Prison Radio
Dortell Williams

It seems incompatible with civility, o logic for that matter, that African Americans, in the 21st century, and under un Moreno president, are still asserting, and chanting phrases like: “Black lives matter” to prove human worth. From 3/5s of a person to this, déjà vu, we colored folks, seem under constant social siege.

Los Angeles, California; Tulsa; Oklahoma; Ferguson, Missouri; New York City—diverse inhabitants who don’t even pronounce words alike—have this vicious, violent common experience with the police—its déjà vu. Blacks and La Raza have this uncanny “coincidence” of being fatally shot, or brutally beaten by the popo.

More times than not, the officer is white, the victim colored. But race is not the end of the story here. Black officers kill black people, too: because it isn’t so much race anymore as an authoritative mindset—us against them. Too often, American citizens who are not wholly compliant, if just but for a misdemeanor citation, become “justifiably” deserving of trial and execution on the boulevard. You see, when a problem becomes systematic, that is to say, prolific in nature, then any race could be the victim, and any race could be the aggressor. It becomes so simply systematic anyone could play either role.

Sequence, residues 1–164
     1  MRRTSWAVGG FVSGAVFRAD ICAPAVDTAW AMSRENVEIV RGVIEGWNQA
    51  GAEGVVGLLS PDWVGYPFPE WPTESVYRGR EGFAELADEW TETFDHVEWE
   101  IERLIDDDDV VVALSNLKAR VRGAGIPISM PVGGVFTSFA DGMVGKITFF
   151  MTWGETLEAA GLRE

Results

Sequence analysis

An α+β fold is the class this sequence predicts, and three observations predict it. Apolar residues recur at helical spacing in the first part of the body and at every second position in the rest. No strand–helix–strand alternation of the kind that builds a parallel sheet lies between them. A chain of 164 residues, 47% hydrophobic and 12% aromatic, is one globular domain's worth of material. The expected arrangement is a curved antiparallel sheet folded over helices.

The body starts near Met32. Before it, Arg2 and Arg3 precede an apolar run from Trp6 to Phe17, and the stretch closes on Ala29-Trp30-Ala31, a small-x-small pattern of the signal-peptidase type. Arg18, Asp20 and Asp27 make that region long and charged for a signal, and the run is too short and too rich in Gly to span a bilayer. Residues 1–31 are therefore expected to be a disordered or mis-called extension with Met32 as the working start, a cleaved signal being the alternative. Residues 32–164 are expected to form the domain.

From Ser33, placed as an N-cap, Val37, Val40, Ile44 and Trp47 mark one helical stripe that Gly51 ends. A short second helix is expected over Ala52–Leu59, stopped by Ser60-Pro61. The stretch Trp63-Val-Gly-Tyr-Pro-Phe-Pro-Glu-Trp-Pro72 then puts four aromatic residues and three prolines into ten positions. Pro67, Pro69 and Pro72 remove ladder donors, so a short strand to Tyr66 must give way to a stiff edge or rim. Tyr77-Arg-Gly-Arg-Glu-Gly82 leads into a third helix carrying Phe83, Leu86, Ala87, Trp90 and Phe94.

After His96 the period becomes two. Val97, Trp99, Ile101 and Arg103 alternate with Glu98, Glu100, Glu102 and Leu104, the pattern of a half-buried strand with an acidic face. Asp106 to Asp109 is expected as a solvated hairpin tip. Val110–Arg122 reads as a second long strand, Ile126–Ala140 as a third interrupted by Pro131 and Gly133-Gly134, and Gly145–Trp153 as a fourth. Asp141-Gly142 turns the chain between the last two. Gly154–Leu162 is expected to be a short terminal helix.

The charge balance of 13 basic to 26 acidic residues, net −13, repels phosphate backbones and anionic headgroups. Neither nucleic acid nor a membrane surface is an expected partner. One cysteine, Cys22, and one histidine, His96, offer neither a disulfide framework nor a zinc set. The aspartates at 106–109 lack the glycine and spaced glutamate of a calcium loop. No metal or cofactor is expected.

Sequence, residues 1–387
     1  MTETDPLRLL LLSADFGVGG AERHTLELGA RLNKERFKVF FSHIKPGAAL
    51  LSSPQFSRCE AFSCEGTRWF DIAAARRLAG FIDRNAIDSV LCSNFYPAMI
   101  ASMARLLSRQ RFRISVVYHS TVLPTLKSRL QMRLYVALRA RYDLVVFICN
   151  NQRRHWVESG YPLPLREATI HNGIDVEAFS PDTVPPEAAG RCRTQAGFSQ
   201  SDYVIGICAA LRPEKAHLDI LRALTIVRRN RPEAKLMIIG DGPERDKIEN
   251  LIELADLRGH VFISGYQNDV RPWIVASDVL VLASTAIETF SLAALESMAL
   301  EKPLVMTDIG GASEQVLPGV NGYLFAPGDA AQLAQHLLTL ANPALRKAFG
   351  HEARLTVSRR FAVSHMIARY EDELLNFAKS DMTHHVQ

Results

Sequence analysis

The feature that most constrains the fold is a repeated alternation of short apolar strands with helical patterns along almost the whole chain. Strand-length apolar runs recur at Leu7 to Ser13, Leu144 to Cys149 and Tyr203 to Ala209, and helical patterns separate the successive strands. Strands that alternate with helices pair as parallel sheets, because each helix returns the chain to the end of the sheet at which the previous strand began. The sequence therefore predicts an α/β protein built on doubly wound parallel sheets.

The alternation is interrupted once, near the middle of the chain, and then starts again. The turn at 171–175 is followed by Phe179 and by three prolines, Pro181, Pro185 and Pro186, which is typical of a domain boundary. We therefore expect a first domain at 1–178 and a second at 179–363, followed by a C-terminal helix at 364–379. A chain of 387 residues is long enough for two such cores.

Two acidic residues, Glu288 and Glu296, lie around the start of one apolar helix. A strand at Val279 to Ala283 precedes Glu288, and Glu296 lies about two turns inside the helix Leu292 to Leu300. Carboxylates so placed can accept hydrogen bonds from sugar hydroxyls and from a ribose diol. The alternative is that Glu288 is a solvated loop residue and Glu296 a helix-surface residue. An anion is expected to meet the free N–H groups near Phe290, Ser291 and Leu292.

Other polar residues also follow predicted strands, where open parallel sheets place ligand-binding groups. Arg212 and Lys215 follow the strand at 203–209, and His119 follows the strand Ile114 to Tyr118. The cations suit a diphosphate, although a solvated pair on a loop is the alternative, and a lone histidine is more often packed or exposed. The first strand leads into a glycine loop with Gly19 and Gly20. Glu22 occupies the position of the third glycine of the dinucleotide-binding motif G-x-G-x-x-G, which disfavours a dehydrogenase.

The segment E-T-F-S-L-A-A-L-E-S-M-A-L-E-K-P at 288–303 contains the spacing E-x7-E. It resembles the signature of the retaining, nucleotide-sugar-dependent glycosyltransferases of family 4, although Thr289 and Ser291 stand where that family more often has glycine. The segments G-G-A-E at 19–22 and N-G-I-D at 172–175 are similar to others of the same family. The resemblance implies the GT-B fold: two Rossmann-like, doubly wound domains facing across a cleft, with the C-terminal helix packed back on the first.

We saw that in 2011, when mentally ill Kelly Thomas, a Californian, who was a white as the cops who attacked him, beat him to a mortal pulp because he dared defy their orders. His resistance was his deadly weapon.

None of this is new to black folk, though. Black folk have been complaining about police brutality since before Jim Crow. It’s like there’s no end to the madness. It has become as cyclic as the seasons, déjà vu.

The Watts rebellion of ’65: the MOVE bombing of ’85, in which men, women and children were killed; Rodney King in ’91: Trayvon Martin, Michael Brown, Freddie Gray, Walter Scott… and on and on and on.

As Americans we can do better.

From your local lockup, this is Dortell Williams for Prison Radio.